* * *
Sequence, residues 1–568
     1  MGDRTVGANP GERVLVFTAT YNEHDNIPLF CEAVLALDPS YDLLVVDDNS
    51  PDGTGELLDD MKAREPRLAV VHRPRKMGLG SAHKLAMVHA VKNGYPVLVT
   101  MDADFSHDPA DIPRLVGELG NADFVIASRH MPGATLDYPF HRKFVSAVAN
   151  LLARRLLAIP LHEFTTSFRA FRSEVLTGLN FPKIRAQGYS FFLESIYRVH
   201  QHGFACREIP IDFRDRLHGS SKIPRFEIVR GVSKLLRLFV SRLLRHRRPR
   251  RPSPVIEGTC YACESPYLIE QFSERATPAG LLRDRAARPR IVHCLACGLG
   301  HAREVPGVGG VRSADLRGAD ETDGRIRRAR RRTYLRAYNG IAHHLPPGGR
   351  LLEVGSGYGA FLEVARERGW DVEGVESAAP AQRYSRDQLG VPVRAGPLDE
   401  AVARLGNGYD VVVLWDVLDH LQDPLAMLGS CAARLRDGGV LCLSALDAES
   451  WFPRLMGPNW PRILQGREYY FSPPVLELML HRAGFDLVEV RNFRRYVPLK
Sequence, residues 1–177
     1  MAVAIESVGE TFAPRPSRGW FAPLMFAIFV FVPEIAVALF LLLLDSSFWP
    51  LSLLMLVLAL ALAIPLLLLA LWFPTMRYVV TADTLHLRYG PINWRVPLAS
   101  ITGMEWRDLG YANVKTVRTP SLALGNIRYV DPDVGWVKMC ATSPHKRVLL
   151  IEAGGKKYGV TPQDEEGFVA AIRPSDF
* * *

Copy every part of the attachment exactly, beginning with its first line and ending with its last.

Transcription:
Sequence, residues 1–568
     1  MGDRTVGANP GERVLVFTAT YNEHDNIPLF CEAVLALDPS YDLLVVDDNS
    51  PDGTGELLDD MKAREPRLAV VHRPRKMGLG SAHKLAMVHA VKNGYPVLVT
   101  MDADFSHDPA DIPRLVGELG NADFVIASRH MPGATLDYPF HRKFVSAVAN
   151  LLARRLLAIP LHEFTTSFRA FRSEVLTGLN FPKIRAQGYS FFLESIYRVH
   201  QHGFACREIP IDFRDRLHGS SKIPRFEIVR GVSKLLRLFV SRLLRHRRPR
   251  RPSPVIEGTC YACESPYLIE QFSERATPAG LLRDRAARPR IVHCLACGLG
   301  HAREVPGVGG VRSADLRGAD ETDGRIRRAR RRTYLRAYNG IAHHLPPGGR
   351  LLEVGSGYGA FLEVARERGW DVEGVESAAP AQRYSRDQLG VPVRAGPLDE
   401  AVARLGNGYD VVVLWDVLDH LQDPLAMLGS CAARLRDGGV LCLSALDAES
   451  WFPRLMGPNW PRILQGREYY FSPPVLELML HRAGFDLVEV RNFRRYVPLK
Sequence, residues 1–177
     1  MAVAIESVGE TFAPRPSRGW FAPLMFAIFV FVPEIAVALF LLLLDSSFWP
    51  LSLLMLVLAL ALAIPLLLLA LWFPTMRYVV TADTLHLRYG PINWRVPLAS
   101  ITGMEWRDLG YANVKTVRTP SLALGNIRYV DPDVGWVKMC ATSPHKRVLL
   151  IEAGGKKYGV TPQDEEGFVA AIRPSDF